> Weekly Torah Portion > Beginner > Straight Talk

Immediate Goodness

Shmot (Exodus 1:1-6:1 )

by Rabbi Shaul Rosenblatt

In this week's parsha, Moses flees to Midian, where two sons are born to him and Tzipporah. But the sons seem to be named in the wrong order. His first son is named Gersham - meaning that "I am a stranger in a strange land." His second is Eliezer - meaning that "God saved me from Pharaoh." Moses names his sons as a continual reminder of the goodness that exists in his life. Moses is a stranger in a new land and yet God has allowed him to prosper. He has been saved from Pharaoh who wished to kill him. Every time he calls to his sons, he will be reminded of these blessings.

It's a great idea, but not chronologically correct. Because first, Moses was saved from Pharaoh, and then when he fled to Midian, he prospered in a strange land. So why did Moses reverse the order?

I think the answer lies in our ability (or lack of it) to appreciate immediate goodness.

I often find, for example, if I take my kids out for the day, I will look back at the end of the day and think of how pleasurable it was to watch them have such a good time. But take me back to the middle of the day when all was going crazy and it was a lot harder for me to enjoy myself. It's sad that so often, we can only enjoy pleasures once they have passed.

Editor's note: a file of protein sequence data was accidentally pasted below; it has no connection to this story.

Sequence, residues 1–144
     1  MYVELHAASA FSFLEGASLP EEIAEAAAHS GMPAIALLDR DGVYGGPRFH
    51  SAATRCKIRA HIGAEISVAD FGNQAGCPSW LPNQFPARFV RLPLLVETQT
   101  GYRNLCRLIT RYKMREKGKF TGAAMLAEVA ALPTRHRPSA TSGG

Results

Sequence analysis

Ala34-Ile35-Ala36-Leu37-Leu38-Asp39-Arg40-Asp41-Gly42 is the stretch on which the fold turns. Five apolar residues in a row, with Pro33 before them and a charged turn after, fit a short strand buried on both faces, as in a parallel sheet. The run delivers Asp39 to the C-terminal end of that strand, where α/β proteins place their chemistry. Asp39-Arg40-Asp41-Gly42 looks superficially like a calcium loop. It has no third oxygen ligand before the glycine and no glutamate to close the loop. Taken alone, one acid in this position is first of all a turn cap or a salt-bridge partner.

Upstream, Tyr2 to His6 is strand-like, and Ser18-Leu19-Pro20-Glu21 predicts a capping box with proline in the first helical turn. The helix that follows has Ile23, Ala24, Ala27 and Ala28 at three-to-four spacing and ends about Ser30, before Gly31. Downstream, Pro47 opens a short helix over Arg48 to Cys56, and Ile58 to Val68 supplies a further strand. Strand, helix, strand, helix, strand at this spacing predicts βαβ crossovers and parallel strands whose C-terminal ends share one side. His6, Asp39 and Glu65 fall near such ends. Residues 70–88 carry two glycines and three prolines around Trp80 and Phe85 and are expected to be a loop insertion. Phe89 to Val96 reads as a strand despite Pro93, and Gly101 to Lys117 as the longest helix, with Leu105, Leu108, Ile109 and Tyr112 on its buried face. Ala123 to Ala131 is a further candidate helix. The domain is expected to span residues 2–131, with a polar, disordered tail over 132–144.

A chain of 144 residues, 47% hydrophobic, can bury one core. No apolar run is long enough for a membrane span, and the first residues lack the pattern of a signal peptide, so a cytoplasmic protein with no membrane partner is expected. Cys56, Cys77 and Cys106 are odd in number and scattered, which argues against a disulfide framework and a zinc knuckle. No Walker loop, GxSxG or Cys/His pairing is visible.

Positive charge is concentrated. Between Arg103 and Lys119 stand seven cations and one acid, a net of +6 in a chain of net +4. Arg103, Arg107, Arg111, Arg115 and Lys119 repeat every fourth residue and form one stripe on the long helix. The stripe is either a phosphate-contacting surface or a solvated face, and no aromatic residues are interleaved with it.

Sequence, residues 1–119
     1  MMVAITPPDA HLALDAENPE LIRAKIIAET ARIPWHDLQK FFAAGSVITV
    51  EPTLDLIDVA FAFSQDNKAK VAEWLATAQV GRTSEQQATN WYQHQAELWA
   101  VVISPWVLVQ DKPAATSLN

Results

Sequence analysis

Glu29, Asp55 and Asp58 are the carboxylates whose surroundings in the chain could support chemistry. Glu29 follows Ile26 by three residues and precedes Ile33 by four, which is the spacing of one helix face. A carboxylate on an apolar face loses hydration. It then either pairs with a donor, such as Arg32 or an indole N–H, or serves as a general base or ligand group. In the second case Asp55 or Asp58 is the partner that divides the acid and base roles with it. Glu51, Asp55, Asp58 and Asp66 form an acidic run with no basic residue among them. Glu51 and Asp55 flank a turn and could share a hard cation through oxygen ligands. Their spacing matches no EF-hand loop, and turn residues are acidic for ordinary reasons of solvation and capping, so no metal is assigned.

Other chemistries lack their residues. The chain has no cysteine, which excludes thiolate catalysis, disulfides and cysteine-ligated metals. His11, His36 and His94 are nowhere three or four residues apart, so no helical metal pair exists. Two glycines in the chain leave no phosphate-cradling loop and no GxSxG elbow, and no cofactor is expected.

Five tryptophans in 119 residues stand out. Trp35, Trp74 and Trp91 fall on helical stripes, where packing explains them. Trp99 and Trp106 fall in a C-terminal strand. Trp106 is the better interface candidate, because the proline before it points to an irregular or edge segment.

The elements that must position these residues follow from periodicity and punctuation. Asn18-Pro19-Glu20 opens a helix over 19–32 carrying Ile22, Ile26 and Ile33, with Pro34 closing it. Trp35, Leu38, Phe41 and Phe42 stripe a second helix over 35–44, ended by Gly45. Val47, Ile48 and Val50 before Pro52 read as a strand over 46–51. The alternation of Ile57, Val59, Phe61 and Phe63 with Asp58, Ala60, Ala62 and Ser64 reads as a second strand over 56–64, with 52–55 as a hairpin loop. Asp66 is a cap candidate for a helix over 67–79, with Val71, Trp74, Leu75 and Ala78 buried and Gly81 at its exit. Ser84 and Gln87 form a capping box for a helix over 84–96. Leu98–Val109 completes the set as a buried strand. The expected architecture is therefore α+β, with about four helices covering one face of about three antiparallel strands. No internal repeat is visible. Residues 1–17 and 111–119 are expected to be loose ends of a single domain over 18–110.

I think the reason for this is obvious. True and deep pleasure requires effort and struggle. When experiencing the effort, it's so much harder to stop and appreciate the goodness. But once the effort is over, we can look back and recognize just how good it was.

There is only one problem, however. We only "remember" how good it was. We experience a memory of the pleasure, but not the real thing. The deepest pleasures require that we experience the pleasure while it is happening, even though it is also very difficult. Surely, the time for me to enjoy my kids is not once they are in bed, but when I am actually with them.

Moses has this idea mastered. For him, the immediate goodness is that he is thriving in a strange land. This is hard to appreciate, as it is also very challenging. So he names his first son as a reminder of the goodness he has in spite of the struggle he is going through. His salvation from Pharaoh is goodness he wishes to be reminded of also. But the pain of this has passed and so it is easier to feel the pleasure. For a great man like Moses, it is of secondary priority, and hence is the name given to his second son.

We could take so much more out of life if we didn't allow the effort to distract us from the pleasure. It's not easy to do, but if we focus on the goodness, we can even enjoy our children ... even when they are driving us crazy.

1 2 3 2,899

🤯 ⇐ That's you after reading our weekly email.

Our weekly email is chock full of interesting and relevant insights into Jewish history, food, philosophy, current events, holidays and more.
Sign up now. Impress your friends with how much you know.
We will never share your email address and you can unsubscribe in a single click.
linkedin facebook pinterest youtube rss twitter instagram facebook-blank rss-blank linkedin-blank pinterest youtube twitter instagram